Here’s the Radio Boston rundown for Dec. 5. Tiziana Dearing is our host…As Speaker Pelosi moves forward with drafting articles of impeachment against President Trump, we check in with WBUR senior news correspondent Kimberly Atkins and retired federal judge, senior lecturer and Harvard Law School and WBUR legal analyst Nancy Gertner.
The framers of the 232-year-old U.S. Constitution played a central role in Wednesday’s impeachment hearing as constitutional law professors outlined the case for, and against, ousting Republican President Donald Trump…Harvard Law School professor Noah Feldman said he believed the framers of the Constitution “would identify President Trump’s conduct as exactly the kind of abuse of office, high crimes and misdemeanors, that they were worried about. “And they would want the House of Representatives to take appropriate action and to impeach.”
In a somber six minute address to the nation, Speaker of the House Nancy Pelosi announced that the House of Representatives would begin drafting impeachment articles against the President of the United States because he violated his oath of office, and compromised US national security. In interview on Hardball with Chris Matthews, Laurence Tribe discussesTrump dismantling checks and balances.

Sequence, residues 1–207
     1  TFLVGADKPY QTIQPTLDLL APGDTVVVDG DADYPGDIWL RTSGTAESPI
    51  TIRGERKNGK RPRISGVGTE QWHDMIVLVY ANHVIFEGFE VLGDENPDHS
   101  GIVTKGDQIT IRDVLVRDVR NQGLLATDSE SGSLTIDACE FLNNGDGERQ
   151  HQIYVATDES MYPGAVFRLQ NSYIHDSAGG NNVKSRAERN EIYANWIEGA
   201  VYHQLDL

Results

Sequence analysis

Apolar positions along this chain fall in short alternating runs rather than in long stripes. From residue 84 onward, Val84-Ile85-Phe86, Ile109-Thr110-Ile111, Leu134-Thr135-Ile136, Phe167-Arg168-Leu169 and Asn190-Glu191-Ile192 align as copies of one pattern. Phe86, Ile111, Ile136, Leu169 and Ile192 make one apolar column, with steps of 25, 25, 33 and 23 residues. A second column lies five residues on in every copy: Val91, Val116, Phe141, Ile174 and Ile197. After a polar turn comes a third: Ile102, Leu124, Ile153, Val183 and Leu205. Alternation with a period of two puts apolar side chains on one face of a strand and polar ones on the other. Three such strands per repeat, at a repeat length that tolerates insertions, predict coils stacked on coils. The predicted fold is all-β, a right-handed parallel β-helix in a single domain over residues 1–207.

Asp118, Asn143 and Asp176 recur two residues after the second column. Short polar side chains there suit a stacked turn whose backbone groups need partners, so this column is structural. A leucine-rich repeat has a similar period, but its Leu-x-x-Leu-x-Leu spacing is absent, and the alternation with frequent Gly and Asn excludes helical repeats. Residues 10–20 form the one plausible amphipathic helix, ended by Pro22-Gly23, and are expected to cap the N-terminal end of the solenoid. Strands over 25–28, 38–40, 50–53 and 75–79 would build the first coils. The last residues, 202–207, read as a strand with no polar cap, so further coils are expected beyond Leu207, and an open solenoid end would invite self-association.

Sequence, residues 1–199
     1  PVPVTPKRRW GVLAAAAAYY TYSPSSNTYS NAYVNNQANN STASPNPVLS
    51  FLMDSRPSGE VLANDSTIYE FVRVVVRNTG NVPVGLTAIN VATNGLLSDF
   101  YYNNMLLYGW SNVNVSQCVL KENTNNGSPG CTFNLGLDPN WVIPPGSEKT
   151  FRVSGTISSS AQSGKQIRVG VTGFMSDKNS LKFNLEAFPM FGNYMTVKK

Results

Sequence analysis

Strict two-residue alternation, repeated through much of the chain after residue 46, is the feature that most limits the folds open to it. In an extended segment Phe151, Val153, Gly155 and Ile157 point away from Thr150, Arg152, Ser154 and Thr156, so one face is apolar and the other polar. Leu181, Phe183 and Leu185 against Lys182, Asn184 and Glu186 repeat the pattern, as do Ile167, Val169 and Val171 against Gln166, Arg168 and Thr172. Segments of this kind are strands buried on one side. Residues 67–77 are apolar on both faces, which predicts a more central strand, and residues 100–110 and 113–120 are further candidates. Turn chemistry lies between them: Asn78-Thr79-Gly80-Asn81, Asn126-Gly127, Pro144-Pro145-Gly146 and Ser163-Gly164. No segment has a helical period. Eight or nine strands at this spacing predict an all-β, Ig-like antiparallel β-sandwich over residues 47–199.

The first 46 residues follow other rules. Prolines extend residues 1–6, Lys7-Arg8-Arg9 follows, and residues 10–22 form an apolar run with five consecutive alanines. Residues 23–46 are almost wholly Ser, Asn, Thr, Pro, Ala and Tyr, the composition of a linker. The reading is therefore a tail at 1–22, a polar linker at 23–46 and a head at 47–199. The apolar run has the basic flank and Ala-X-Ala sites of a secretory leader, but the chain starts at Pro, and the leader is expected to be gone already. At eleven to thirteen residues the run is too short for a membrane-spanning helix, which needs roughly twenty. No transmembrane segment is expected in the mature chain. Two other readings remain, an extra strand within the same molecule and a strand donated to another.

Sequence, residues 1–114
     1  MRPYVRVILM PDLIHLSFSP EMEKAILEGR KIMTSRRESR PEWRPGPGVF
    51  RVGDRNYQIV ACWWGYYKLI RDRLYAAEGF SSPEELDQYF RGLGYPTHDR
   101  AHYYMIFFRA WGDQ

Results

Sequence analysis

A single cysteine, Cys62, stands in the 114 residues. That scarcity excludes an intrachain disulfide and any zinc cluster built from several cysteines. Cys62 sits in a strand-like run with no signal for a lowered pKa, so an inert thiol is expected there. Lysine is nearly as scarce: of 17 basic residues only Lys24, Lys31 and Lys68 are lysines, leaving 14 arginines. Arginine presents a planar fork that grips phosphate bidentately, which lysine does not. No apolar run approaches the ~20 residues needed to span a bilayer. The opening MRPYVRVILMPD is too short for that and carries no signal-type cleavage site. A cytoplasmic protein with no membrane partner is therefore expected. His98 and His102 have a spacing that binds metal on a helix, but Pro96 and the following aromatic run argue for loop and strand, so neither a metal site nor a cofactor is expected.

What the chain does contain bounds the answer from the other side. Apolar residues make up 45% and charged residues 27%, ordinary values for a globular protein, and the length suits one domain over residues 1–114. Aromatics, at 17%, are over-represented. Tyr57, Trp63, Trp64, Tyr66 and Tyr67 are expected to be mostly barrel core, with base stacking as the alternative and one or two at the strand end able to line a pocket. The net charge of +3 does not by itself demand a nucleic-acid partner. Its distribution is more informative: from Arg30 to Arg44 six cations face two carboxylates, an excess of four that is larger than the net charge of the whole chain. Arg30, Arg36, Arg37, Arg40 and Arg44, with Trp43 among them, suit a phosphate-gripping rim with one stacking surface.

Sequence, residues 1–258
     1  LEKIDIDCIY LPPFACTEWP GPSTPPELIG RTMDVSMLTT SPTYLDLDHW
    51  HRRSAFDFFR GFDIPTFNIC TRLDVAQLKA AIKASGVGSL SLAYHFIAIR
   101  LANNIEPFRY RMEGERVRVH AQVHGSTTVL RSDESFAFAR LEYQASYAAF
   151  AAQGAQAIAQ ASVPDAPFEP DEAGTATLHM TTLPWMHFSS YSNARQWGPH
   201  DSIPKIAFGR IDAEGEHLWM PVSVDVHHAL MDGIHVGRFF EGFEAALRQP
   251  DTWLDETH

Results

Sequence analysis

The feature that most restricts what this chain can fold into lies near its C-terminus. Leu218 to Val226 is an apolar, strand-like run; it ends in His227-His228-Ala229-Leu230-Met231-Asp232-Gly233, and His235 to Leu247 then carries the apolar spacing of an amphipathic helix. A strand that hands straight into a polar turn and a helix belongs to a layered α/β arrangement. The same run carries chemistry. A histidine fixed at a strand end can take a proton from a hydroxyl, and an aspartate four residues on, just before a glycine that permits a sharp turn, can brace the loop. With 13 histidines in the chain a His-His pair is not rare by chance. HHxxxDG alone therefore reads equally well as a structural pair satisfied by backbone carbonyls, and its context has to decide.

As Democrats announce they’re moving forward with drafting articles of impeachment against President Trump, we check in with WBUR senior news correspondent and retired federal judge and WBUR legal analyst Nancy Gertner.
An op-ed by Laurence Tribe: As the House of Representatives moves toward formulating articles of impeachment, it is vital that the options on the table not be misframed. It’s a dangerously false choice to think that the House Judiciary Committee must either adopt a broad, kitchen-sink approach or take a narrow, laser-focused perspective. Yes, narrow is better than broad for the purposes of focus and public understanding. But narrow mustn’t mean myopic. What makes President Trump uniquely dangerous is not that he has committed a single terrible act that meets the Constitution’s definition of an impeachable offense. Neither Russia-gate nor Ukraine-gate was a one-night stand, and the obstruction of justice that enabled Trump to get away with asking for and benefiting from Russia’s intervention in the 2016 election is of a piece with his defiance of congressional investigations that might enable him to get away with demanding Ukraine’s intervention in 2020.